Is ‘Nazi Soap’ a Myth?
Play suggests no; historian says yes
Every Holocaust museum visitor has likely encountered examples of the Nazis’ ghastly “recycling” of human bodies: gold teeth melted down, cremains used for fertilizer. So why is the Nazis’ alleged use of human fat to make soap so rarely presented alongside these other grotesqueries? That’s the central question of a new play by Jeff Cohen, The Soap Myth, which will open in New York on July 10—and which, according to the play’s promotional materials, suggests that fear of inciting the skepticism of Holocaust deniers may be the reason. “What are the evidentiary standards that apply to Holocaust research?” it asks. “Do Holocaust deniers, with their credo ‘false in one, false in all,’ play a role in determining those evidentiary standards? And if they do, should they?” The odd conceit is made only odder by a just-posted YouTube trailer that suggests random people interviewed in a park are somehow questioning the experience of an elderly, yarmulked man who relays a horrifying memory.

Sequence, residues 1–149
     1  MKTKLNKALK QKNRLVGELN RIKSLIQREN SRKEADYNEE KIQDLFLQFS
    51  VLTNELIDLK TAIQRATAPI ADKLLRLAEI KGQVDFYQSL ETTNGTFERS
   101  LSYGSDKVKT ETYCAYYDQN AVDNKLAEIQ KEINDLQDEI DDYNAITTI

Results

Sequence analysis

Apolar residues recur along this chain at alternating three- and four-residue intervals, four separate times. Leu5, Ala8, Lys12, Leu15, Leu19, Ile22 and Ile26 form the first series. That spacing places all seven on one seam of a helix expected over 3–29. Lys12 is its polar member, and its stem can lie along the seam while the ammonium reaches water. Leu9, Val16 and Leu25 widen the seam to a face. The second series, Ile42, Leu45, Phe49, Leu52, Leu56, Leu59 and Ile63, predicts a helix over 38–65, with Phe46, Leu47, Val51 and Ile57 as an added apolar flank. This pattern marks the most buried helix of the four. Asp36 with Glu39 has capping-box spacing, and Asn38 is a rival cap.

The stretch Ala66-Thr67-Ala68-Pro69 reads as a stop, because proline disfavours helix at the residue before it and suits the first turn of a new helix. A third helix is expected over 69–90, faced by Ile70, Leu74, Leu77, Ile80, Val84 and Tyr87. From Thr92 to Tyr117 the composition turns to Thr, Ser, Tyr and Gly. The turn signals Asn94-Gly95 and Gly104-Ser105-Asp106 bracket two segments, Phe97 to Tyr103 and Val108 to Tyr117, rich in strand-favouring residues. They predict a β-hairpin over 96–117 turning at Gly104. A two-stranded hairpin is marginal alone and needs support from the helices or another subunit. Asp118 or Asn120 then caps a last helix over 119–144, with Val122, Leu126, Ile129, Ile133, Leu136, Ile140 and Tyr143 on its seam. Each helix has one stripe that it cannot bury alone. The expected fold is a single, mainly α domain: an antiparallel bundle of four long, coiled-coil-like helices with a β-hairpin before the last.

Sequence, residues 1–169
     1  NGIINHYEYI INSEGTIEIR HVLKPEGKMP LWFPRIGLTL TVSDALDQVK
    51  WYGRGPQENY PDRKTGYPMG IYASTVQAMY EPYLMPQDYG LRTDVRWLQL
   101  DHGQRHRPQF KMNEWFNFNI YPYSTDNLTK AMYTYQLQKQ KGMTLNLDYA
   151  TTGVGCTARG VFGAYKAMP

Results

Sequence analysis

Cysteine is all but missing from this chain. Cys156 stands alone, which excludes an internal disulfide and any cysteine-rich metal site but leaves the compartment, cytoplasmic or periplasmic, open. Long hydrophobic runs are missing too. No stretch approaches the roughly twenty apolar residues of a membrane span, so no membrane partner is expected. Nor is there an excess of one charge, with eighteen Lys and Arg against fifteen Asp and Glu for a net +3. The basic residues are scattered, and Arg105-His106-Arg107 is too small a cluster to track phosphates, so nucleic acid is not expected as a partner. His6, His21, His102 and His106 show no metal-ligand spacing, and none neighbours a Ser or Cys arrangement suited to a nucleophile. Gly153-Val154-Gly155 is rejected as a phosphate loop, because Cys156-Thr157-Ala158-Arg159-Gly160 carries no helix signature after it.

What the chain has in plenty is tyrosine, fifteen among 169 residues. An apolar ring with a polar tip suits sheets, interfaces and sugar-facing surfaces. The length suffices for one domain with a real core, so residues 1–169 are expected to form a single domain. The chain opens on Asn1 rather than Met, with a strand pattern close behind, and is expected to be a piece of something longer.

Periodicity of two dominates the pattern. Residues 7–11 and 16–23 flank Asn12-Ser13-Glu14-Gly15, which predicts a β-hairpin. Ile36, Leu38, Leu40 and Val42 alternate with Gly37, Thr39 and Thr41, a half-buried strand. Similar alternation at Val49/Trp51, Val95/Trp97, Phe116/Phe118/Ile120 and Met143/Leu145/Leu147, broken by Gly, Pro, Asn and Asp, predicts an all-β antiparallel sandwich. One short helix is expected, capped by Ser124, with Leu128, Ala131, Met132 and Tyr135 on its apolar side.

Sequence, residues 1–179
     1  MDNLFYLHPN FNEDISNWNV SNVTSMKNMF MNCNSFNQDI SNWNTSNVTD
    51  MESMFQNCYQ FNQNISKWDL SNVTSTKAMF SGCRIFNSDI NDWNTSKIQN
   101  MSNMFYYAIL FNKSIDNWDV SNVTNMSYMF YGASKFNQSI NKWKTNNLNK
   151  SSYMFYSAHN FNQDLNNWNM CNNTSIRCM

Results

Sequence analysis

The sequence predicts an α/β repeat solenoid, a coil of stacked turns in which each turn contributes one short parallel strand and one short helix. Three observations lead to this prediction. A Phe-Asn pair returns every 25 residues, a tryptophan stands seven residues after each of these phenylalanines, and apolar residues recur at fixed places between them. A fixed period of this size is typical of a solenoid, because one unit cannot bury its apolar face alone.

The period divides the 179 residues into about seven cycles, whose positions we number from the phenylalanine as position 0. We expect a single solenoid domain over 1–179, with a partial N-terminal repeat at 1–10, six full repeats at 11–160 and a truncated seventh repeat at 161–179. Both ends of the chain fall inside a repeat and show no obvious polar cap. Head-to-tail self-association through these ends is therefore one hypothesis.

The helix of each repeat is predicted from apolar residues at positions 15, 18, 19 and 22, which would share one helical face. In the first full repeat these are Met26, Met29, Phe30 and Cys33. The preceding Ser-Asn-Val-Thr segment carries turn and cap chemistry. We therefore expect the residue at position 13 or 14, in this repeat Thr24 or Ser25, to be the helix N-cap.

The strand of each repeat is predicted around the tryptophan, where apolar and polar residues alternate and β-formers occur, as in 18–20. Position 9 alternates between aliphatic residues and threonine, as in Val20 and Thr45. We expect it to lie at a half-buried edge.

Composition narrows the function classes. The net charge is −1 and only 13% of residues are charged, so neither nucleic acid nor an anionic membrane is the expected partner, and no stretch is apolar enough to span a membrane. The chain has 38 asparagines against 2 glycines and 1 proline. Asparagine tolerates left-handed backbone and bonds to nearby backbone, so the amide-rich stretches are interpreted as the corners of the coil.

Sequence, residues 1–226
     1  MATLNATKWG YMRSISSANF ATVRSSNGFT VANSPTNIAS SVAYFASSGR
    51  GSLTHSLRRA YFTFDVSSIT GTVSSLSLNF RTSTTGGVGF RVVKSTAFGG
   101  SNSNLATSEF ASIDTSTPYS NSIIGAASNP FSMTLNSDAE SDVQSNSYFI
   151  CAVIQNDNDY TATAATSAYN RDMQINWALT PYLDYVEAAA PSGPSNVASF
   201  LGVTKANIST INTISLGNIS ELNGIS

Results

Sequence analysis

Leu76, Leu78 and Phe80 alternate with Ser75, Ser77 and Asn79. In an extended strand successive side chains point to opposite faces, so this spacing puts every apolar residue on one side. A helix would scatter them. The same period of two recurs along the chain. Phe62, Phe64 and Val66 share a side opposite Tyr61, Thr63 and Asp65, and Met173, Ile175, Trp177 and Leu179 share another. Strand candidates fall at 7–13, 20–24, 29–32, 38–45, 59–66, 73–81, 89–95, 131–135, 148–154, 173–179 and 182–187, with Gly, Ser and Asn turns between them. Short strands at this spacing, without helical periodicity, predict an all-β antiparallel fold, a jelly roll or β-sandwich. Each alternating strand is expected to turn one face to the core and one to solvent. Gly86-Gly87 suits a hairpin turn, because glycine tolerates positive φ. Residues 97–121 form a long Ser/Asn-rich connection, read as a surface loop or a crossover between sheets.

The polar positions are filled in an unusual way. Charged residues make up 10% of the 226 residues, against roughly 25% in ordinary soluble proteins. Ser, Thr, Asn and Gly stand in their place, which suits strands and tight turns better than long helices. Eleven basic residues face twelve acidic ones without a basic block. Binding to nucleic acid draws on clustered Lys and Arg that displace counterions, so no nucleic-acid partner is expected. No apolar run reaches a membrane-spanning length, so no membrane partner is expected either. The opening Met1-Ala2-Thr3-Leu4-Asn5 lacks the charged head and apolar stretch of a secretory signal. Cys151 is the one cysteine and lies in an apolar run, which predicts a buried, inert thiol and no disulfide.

There’s one problem with this premise. The reason historians don’t publicize the “soap myth,” according to Holocaust scholar Michael Berenbaum, who’s quoted in the trailer, is because it is, in fact, a myth. “There is no evidence that soap was actually manufactured out of human flesh, not because the Nazis were nice guys but because it was not economically feasible,” Berenbaum told Tablet. “We have at times tested soap that has been represented of being made of human fat and found that it was not made of human fat.”
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